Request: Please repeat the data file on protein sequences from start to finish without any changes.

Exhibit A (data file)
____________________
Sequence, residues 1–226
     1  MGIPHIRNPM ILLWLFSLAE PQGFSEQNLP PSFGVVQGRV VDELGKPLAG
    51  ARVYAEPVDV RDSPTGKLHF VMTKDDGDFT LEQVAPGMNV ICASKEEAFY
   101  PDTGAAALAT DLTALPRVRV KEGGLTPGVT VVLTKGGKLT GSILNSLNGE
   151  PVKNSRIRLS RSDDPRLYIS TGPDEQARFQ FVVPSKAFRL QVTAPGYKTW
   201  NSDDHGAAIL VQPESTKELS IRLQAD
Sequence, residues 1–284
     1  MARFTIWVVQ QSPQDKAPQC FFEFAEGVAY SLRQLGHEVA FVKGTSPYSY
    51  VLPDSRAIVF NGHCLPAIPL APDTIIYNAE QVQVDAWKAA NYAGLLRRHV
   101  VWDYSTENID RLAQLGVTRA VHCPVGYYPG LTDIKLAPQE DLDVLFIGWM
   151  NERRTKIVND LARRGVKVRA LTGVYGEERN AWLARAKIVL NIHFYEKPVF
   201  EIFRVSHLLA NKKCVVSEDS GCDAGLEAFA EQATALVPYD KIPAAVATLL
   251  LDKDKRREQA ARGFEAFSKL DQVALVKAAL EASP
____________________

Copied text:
Sequence, residues 1–226
     1  MGIPHIRNPM ILLWLFSLAE PQGFSEQNLP PSFGVVQGRV VDELGKPLAG
    51  ARVYAEPVDV RDSPTGKLHF VMTKDDGDFT LEQVAPGMNV ICASKEEAFY
   101  PDTGAAALAT DLTALPRVRV KEGGLTPGVT VVLTKGGKLT GSILNSLNGE
   151  PVKNSRIRLS RSDDPRLYIS TGPDEQARFQ FVVPSKAFRL QVTAPGYKTW
   201  NSDDHGAAIL VQPESTKELS IRLQAD
Sequence, residues 1–284
     1  MARFTIWVVQ QSPQDKAPQC FFEFAEGVAY SLRQLGHEVA FVKGTSPYSY
    51  VLPDSRAIVF NGHCLPAIPL APDTIIYNAE QVQVDAWKAA NYAGLLRRHV
   101  VWDYSTENID RLAQLGVTRA VHCPVGYYPG LTDIKLAPQE DLDVLFIGWM
   151  NERRTKIVND LARRGVKVRA LTGVYGEERN AWLARAKIVL NIHFYEKPVF
   201  EIFRVSHLLA NKKCVVSEDS GCDAGLEAFA EQATALVPYD KIPAAVATLL
   251  LDKDKRREQA ARGFEAFSKL DQVALVKAAL EASP